July 1, 2009
Donie Bret-Harte and Mike Abels represented the Toolik Management Team. Chad Diesinger, Station Manager, attended.
Chad Diesinger commented that attendance at this User Forum is rather sparse, but several people have told him that they don’t see a need to attend, because things are going well. Anne Giblin also commented that things are going well, and Steve Whalen commented that operations are smooth and the staff is very responsive. Cody Johnson commented that generally, when items are brought to the attention of TFS management, they are taken care of right away. For instance, moving the filter manifold in lab 1 was taken care of within one day of the request; he’d like to thank Scott Houghton. John Hobbie also commented that it was very helpful that Scott was here in June when most projects are setting up for the year. He would like to see Scott be present in June in future years for science support, as that is a critical time of the field season.
Mike and Donie provided a brief summary of progress on the new kitchen/dining hall, which will be built next summer. It is our number one priority for a structure, because it will provide the most benefit to the greatest number of people. The kitchen/dining hall will be substantial and winter-capable. Right now, the facility is envisioned to be approximately 6000 square feet. The Toolik cooks (Laura Belval, in particular) have provided input to the kitchen architect, Tony Clevenger, on layout and kitchen equipment. The dining hall will contain two dining rooms, which can be used for science support in the winter (when the population is smaller). Marie Gilbert suggested that some of the additional interior space be used to showcase the history of Toolik Field Station and its research. Perhaps some of the products of the artists-in-residence could be displayed. Scott Houghton seconded this, and suggested that perhaps in new construction, NSF could designate 1% for art.
Mike commented that CPS has been tasked to help update and revise the Toolik Development Plan. Diane Huebner asked whether there is a vision for the ultimate footprint of Toolik Field Station. She commented that she would certainly support efforts to make Toolik cleaner and greener as the infrastructure expands, to minimize the effects on nearby experiments.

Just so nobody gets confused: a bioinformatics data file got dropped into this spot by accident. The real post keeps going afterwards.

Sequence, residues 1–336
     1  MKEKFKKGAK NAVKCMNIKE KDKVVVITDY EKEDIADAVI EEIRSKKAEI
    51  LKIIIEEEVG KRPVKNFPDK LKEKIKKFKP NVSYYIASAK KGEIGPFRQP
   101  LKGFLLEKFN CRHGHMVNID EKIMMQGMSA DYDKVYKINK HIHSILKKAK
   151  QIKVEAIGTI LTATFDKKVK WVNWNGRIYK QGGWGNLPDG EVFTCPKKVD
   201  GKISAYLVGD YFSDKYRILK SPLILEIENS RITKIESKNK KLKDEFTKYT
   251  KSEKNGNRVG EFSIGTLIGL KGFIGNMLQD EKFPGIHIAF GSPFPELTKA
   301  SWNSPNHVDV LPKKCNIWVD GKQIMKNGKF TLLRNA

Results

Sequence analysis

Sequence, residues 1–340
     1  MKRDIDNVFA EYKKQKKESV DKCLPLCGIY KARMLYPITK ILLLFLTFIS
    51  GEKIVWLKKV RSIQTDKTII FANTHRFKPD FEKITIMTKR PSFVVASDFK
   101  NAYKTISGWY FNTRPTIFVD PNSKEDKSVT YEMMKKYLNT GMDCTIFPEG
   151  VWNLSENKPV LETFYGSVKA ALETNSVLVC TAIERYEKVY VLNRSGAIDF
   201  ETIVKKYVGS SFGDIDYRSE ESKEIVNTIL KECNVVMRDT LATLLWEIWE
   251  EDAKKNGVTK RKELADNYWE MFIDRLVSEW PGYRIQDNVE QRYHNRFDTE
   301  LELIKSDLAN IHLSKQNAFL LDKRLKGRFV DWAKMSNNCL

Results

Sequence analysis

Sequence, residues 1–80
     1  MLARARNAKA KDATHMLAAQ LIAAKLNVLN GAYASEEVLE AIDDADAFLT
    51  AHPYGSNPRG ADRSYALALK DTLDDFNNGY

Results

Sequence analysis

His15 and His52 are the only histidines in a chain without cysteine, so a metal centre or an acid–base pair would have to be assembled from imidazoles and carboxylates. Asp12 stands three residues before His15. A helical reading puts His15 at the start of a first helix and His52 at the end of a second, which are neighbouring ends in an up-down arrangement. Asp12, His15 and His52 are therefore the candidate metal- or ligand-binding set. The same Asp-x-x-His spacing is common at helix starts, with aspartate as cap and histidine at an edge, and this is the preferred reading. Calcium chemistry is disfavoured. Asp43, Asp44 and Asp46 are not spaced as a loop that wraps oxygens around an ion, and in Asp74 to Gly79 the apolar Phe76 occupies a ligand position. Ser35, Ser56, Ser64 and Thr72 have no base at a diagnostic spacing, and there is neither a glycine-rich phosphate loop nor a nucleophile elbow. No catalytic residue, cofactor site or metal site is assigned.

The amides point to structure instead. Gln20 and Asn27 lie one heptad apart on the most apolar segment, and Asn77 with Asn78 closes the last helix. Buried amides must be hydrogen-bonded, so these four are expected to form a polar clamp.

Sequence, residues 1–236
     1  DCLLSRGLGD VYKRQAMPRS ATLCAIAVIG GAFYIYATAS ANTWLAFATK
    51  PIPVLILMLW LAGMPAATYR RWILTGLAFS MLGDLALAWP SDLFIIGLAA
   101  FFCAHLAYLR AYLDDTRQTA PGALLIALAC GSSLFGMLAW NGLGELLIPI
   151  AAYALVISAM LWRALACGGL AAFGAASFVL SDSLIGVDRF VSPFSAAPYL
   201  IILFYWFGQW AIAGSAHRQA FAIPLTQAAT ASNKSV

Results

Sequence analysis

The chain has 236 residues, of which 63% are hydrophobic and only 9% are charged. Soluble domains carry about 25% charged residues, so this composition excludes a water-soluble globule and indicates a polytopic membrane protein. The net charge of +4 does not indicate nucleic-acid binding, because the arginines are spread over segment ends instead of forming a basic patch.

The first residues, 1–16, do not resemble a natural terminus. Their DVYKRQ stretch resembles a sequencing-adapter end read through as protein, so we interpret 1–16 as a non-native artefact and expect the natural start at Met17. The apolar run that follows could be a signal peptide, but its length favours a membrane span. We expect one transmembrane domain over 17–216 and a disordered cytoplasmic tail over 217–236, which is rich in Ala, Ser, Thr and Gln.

Donie led a brief discussion of Tracy Dahl’s proposal to incorporate renewable power into the Toolik grid. People were generally enthusiastic about renewable energy. Solar panels on buildings and waste heat recovery sounded good to all. With respect to a wind turbine, some concern was raised about birds. Donie commented that Tracy had told her that the newer wind turbine designs decrease the interactions with birds substantially. Chad commented that the biggest concern he’d heard mentioned is potential hazards to navigation for the helicopter, so the wind turbine would need to be far enough from the helo flight path. In addition, a turbine between the community center and the helicopter pad might lead to drifting. Scott commented that the winds at Galbraith can reach 114 mph in the winter, so a turbine would need to be able to handle high wind speeds (though there may be less wind here). Tracy has the wind data collected by the TFS meteorological station.
Common Use Equipment
Jeremy Caves commented that the common use leaf area meter is receiving a lot of use this year. The belts have already had to be replaced. He commented that the small unit that TFS owns is not practical for large amounts of leaves, and he would like to request that TFS purchase a larger leaf area meter. Donie asked Jeremy to provide specifications for a larger leaf area meter, and it can be requested for next year.
John Hobbie commented that the expansion of common use equipment has been very helpful, and that TFS should consider having a designated manager for it, so that managing common use equipment doesn’t take up all of Christie’s time. This year Jorge Noguera is helping with the management of common use equipment during the field season, and this seems to be working quite well.